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3 Big Things Today, October 18

Soybeans, Corn Slightly Lower Overnight; Rain in Argentina May Reduce Bean Planting.

1. Soybeans, Corn Slightly Lower on Better Western Midwest Harvest Weather

Soybeans and corn were slightly lower in overnight trading as drier weather is expected in parts of the central Corn Belt in the next two weeks.

The chances of rainfall in the next five days is expected to be below normal for much of the western Midwest through the Dakotas, Nebraska, and Kansas, according to Commodity Weather Group. Still, better-than-normal chances are forecast for a large swath of land that includes Iowa, most of Missouri, and the eastern half of Oklahoma.

In the six- to 10-day forecast, the chances of below-normal rain is expected into Iowa and Missouri as any wet weather moves into eastern Illinois, Indiana, and Michigan, CWG said.

The drier weather should help speed the harvest in areas that are already several days or even weeks behind.

Soybean futures for November delivery fell 1½¢to $9.83¼ a bushel overnight on the Chicago Board of Trade. Soy meal lost 40¢ to $321.20 a short ton, and soy oil declined 0.10¢ to 33.49¢ a pound.

Corn futures for December delivery fell a penny to $3.49 a bushel overnight.

Wheat for December delivery lost 2¼¢ to $4.32½ a bushel in Chicago. Kansas City futures fell 2¼¢ to $4.31 a bushel.


2. Excessive Rainfall in Argentina Likely to Reduce Soybean Planted Area, USDA Says

Rainfall in the U.S. is slowing the harvest at home, but that’s not the only area where excessive precipitation is proving to be a problem for farmers.

Recent rains in much of Argentina that’s resulted in flooding in some areas have cast doubt over the country’s 2017-2018 soybean crop, the USDA’s representative in the country said in a report.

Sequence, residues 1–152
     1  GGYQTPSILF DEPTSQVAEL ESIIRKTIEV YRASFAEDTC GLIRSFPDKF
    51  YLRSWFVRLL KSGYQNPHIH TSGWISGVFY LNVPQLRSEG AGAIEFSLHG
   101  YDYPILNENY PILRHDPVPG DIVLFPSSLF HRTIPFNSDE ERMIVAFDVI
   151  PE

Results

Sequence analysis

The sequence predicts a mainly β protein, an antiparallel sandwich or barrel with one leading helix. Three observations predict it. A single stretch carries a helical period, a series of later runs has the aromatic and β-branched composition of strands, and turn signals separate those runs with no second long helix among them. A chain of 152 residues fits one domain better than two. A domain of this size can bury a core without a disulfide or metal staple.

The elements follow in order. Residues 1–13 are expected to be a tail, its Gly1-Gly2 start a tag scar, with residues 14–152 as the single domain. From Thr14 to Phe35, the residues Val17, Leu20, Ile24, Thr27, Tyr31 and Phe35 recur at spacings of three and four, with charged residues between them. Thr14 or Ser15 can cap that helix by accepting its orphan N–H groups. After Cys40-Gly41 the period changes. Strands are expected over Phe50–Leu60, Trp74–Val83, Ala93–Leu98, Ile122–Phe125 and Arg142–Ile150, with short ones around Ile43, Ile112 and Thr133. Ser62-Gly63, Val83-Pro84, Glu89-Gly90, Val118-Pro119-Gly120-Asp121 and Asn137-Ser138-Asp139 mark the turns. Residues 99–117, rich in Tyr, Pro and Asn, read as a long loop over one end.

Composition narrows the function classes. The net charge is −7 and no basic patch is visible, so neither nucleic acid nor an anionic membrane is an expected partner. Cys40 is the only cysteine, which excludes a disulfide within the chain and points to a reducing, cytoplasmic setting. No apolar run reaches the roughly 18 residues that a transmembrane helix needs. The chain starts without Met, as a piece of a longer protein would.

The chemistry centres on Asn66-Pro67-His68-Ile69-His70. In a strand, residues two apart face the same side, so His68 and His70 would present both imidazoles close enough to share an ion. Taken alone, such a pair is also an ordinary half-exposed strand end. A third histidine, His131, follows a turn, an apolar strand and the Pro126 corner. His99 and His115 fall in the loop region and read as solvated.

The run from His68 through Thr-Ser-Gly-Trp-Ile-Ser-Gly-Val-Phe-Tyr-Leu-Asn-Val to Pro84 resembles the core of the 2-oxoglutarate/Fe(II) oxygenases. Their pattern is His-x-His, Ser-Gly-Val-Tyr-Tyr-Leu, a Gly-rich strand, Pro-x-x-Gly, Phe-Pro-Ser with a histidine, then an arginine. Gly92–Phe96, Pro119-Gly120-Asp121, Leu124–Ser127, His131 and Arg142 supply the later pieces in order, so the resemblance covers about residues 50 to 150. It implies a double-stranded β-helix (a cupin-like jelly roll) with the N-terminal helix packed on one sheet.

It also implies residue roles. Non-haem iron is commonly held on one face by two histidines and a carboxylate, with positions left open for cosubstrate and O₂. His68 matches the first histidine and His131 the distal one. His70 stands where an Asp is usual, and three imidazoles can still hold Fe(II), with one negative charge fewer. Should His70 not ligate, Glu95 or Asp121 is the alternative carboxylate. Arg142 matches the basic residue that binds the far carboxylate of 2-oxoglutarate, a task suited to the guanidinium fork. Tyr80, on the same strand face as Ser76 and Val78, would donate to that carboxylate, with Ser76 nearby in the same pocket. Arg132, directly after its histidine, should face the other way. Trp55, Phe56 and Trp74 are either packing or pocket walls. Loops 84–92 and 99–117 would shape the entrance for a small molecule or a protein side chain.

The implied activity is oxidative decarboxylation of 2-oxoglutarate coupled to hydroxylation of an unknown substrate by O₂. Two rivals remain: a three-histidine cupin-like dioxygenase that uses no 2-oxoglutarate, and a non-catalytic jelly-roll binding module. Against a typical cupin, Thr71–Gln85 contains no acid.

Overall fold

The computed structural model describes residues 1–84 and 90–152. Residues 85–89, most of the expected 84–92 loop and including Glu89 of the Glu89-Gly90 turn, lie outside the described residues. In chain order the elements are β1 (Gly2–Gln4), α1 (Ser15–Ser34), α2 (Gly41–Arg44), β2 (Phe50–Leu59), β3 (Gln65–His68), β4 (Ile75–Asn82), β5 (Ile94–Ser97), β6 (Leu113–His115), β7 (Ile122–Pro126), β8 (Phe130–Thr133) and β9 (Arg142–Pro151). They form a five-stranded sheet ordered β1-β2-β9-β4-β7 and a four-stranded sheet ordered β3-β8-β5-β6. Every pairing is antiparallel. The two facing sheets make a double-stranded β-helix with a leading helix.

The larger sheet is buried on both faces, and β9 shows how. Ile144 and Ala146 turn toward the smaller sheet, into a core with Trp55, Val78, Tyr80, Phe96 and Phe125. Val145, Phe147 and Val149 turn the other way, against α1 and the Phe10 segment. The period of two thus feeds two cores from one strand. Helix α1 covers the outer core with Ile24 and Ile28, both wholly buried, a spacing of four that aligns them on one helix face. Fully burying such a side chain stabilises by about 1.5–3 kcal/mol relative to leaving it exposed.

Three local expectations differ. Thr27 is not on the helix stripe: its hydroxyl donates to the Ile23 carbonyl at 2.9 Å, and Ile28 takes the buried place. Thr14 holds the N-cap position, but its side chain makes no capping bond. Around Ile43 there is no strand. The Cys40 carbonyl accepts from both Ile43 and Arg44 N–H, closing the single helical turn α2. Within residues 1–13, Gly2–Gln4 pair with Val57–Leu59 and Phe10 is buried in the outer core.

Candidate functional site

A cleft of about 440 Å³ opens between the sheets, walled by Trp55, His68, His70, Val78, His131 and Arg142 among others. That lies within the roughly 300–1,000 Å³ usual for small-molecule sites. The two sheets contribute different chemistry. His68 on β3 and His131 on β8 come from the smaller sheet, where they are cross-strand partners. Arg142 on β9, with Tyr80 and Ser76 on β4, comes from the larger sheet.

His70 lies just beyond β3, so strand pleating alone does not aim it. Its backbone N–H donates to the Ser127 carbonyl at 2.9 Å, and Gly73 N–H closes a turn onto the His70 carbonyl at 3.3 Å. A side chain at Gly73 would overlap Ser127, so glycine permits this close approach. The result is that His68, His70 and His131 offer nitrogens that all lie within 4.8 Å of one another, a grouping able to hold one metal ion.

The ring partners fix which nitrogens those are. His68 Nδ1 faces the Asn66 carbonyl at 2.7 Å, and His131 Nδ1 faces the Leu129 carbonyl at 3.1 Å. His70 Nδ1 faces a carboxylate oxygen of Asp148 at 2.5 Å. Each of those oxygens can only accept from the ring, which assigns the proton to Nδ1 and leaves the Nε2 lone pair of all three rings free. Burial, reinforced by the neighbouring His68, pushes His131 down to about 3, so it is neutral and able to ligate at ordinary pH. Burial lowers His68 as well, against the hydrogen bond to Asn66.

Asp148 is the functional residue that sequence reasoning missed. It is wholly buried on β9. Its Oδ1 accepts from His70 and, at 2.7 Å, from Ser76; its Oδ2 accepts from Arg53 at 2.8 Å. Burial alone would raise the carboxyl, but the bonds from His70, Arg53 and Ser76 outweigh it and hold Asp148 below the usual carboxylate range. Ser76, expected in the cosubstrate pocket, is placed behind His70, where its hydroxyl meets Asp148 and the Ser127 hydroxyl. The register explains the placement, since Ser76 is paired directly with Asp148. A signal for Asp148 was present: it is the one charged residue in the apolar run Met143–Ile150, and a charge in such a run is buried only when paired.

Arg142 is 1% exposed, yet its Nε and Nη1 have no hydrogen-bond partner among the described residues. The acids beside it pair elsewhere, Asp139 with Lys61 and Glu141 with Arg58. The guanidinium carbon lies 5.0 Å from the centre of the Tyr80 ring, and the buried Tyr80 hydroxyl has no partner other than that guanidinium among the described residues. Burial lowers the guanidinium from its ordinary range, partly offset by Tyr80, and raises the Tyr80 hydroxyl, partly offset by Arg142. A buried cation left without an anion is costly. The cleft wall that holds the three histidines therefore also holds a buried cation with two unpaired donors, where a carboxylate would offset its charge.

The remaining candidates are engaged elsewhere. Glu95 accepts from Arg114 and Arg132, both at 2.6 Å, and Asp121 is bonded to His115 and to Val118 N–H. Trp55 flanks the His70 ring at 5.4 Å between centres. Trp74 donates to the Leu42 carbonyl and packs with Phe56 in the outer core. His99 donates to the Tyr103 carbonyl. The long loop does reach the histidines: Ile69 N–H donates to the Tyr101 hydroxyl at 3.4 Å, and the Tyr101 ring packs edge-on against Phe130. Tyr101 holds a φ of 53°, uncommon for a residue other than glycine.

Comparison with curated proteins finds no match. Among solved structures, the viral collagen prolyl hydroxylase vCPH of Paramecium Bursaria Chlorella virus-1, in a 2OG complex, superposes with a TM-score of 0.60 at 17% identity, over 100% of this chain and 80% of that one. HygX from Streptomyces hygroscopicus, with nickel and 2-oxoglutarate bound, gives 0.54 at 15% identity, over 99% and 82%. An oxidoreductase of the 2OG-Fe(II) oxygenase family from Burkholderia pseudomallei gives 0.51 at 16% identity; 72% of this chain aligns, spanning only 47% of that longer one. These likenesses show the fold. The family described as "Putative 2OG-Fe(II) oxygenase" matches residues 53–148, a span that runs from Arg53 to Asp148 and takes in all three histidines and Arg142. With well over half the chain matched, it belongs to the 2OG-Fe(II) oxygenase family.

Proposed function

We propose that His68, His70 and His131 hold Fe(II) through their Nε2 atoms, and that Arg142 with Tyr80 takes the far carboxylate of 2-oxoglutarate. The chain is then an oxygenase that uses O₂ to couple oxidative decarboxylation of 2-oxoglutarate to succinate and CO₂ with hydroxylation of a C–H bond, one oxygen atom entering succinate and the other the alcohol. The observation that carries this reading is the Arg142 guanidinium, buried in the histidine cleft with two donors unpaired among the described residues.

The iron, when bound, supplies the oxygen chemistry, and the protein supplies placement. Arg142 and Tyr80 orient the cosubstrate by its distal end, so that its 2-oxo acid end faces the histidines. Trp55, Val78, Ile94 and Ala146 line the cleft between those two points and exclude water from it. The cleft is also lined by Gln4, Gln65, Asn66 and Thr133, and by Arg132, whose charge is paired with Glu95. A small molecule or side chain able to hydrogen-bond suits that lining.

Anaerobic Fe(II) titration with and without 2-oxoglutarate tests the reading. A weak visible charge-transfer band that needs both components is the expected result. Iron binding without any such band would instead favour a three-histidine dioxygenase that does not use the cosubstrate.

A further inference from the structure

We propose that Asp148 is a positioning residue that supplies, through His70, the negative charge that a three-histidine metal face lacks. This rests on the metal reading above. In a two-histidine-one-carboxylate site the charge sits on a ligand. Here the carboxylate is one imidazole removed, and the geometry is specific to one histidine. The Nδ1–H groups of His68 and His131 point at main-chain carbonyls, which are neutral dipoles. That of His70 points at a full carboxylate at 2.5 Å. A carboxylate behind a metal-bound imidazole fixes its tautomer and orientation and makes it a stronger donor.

Local analysts said they expected a “significant drop” in planting area and subsequent production due to the flooding, the USDA said. The agency, at least for now, maintained its official soybean-planting estimate of 19.1 million hectares (47.2 million acres) as there remains time for damaged areas to recover.

The Grains Exchange of Buenos Aires said in a recent forecast that planted area likely will drop 6% to 18.1 million hectares.

“In addition to excessive water conditions and damage, the Grains Exchange also cites area expansions for corn, wheat, and sunflower as another cause for less soybean area,” the USDA said.


3. Red-Flag Warning Issued For Much of North Dakota as Fire Risk Elevated

Red-flag warnings in which conditions are extremely dry have been issued for much of North Dakota and extreme northern Minnesota this morning, according to the National Weather Service.

Strong sustained winds of 25 to 35 mph along with low relative humidities around 20% are expected today and tonight. That, along with gusts up to 50 mph, has created a “critical” fire hazard in the region, the NWS said in a report early Wednesday morning.

Any fires that develop will spread quickly. Fire restrictions are in place locally, according to the agency.

Maps are otherwise quiet through much of the Corn Belt with dry weather expected for much of the Midwest. There’s an above-chance of precipitation for parts of Iowa and Missouri in the five-day forecast, but for today, at least, the weather looks favorable for harvest.

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